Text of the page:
“But don’t the regional schools commissioners want more schools to academise; aren’t they very powerful; and shouldn’t we follow them?”
3 Schools only go into the ambit of the regional schools commissioners once they are academies, or are “eligible for [RSC] intervention” as described above
By staying maintained, successful schools are not subject to any of the less-than-transparent decision-making powers of RSCs.
4 Overall, if schools do enter the MAT field, they are entering a much more unstable world than the LA-maintained sector, despite the pressures facing maintained schools
Schools can and have been transferred between MATs entirely on the basis of private discussions between regional schools commissioners and trust boards. There are no formal rules and the public has no right to consultation or even of explanation by the RSCs.
There is also talk of mergers in the MAT world, as a result of financial pressures. Ministers and officials seem to want larger chains, and have often not seemed overly keen on the idea of local governing bodies. I also know of one MAT where virtually all the senior staff have changed over a two-year period. Summing up, the organisation you joined might not be the one you are with in a few years’ time. Again, you are not in control of your destiny.
“Ah, finance: given the pressure on local authority budgets, aren’t we better to move to a MAT?”
5 But are MATs really in a better financial position than local authorities?
I am yet to be convinced by this argument, given that academies are supposedly funded on the same basis as non-academy schools.
Someone suggested to me on Twitter this weekend that MATs could offer greater savings on purchasing decisions over local authorities. I’m not sure if this is the case but, even if it were, the potential gains may seem small when set against the risks.
In terms of risk, should the worst financially-driven scenario present itself, it seems to me that local authority schools have a key advantage over those in MATs.
This is that local authorities have to answer democratically and with some transparency to a local community if they are considering closing a school.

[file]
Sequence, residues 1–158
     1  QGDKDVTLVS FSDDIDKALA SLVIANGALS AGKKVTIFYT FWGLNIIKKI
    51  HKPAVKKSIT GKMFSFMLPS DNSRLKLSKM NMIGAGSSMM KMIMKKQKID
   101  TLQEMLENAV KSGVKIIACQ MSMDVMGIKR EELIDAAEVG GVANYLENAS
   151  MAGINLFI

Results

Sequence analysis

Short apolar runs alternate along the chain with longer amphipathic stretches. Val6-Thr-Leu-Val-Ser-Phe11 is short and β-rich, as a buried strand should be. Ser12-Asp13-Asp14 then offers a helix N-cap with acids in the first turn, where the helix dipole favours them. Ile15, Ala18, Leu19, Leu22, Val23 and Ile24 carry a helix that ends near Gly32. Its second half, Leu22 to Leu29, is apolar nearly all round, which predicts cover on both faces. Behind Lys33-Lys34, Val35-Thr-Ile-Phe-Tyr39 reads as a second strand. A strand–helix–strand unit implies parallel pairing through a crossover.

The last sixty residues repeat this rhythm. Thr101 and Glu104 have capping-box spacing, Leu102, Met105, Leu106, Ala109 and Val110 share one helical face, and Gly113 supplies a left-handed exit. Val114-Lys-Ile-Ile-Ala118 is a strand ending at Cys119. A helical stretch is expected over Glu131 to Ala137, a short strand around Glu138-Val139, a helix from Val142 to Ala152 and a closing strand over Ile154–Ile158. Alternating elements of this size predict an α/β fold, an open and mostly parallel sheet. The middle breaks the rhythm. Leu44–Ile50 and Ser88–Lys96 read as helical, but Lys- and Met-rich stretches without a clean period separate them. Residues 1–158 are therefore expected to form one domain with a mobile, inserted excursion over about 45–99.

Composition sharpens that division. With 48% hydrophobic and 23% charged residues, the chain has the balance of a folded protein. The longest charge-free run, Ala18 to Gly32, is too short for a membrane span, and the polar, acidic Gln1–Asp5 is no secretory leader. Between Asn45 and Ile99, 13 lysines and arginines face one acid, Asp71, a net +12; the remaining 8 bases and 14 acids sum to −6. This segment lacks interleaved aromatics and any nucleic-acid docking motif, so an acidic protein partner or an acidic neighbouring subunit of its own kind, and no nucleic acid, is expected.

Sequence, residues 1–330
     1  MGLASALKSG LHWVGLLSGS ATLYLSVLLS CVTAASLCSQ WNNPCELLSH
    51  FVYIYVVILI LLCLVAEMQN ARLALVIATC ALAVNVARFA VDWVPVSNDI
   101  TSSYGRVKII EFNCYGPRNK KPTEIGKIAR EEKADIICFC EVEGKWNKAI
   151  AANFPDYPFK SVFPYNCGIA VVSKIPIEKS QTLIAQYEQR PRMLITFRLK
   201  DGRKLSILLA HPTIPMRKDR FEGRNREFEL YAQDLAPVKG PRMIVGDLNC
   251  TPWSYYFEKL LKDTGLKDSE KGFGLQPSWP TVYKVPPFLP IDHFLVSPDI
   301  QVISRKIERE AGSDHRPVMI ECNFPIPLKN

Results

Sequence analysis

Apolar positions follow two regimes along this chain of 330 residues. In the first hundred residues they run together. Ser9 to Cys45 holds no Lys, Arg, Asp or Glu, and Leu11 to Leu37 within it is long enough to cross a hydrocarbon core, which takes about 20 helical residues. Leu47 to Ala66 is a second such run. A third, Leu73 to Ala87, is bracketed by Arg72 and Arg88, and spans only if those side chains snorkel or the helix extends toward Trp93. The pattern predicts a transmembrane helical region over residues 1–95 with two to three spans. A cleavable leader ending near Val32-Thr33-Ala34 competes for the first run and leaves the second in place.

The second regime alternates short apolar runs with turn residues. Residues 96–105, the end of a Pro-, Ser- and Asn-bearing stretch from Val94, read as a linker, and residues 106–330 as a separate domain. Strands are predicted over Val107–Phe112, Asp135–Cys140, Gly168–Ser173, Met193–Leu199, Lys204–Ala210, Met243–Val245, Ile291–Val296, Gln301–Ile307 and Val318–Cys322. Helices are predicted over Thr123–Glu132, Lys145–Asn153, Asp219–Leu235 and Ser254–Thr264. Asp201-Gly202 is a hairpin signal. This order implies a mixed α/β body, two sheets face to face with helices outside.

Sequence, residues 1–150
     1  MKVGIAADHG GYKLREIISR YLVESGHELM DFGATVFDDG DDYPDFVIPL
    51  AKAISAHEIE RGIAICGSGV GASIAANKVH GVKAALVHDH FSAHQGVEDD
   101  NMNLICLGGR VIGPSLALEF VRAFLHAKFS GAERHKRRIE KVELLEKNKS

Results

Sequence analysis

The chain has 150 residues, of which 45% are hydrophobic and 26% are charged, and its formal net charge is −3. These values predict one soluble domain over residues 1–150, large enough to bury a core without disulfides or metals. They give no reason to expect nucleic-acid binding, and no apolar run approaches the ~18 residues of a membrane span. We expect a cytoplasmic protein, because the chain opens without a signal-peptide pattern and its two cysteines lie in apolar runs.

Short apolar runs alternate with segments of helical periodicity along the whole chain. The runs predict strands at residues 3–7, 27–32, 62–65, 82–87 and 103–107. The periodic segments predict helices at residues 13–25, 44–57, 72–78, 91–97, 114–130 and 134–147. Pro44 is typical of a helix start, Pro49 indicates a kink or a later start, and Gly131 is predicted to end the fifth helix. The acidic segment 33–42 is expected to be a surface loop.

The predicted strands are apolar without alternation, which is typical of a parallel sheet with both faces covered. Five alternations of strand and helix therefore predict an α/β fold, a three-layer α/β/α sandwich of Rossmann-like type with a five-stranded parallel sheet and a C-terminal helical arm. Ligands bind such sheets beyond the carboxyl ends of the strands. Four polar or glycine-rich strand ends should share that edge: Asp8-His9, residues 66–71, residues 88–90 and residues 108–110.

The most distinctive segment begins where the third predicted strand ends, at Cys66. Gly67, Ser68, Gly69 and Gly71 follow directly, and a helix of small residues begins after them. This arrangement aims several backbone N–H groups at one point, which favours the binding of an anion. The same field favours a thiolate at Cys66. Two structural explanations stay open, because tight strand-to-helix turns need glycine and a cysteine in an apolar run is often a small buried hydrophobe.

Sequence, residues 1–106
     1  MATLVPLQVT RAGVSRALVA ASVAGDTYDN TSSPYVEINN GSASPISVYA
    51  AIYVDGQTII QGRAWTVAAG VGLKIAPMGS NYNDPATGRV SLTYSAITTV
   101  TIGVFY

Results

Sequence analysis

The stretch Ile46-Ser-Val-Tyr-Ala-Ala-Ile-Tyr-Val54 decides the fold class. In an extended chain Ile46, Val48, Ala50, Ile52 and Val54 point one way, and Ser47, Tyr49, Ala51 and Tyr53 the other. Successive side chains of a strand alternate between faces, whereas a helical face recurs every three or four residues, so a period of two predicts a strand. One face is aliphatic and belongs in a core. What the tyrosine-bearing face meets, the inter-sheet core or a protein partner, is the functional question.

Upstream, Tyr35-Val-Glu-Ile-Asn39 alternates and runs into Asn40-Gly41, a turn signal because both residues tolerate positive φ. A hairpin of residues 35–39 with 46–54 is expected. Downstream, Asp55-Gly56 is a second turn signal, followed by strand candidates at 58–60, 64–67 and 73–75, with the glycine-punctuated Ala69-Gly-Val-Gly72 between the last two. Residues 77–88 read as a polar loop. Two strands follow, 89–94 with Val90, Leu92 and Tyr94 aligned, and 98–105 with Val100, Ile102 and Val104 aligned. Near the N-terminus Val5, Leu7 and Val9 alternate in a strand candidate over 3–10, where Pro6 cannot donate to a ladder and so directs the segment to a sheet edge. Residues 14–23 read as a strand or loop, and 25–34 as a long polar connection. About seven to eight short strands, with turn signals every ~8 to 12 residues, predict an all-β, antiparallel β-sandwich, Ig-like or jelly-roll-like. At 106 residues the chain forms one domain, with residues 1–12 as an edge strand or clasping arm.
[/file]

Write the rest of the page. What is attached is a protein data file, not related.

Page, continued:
By contrast, MATs and the DfE have no formal local links, as illustrated by the sad case of Baverstock comprehensive in Birmingham, which went academy in 2013 but is set to close with budget problems and with seemingly nothing the local community can
do about it and no local body having responsibility.
I predict very controversial times ahead, as more cases emerge of the DfE and MATs proposing school closures, and local communities then protest in despair that they have little or no influence over the process.
Yes, local authorities have always had to close some schools. But there will always be institutional pressure on them from their communities not to do so. This is not the case with the MAT/DfE set-up.
There is one final aspect to consider.
6 Once a school opts for academy status, it is irreversible
Act in haste, repent at leisure. There is no going back later, even if a MAT runs into trouble; essentially, as mentioned, the school has entered a world where all decisions will ultimately rest with the MAT board and/or the RSC.
Some local authorities are actively pushing schools towards academy status, and this will no doubt complicate matters. But where a school is successful, and backed by a supportive local authority, there is no doubt in my mind that staying there is just about the safest place to be, in what are very unstable times for state education in England.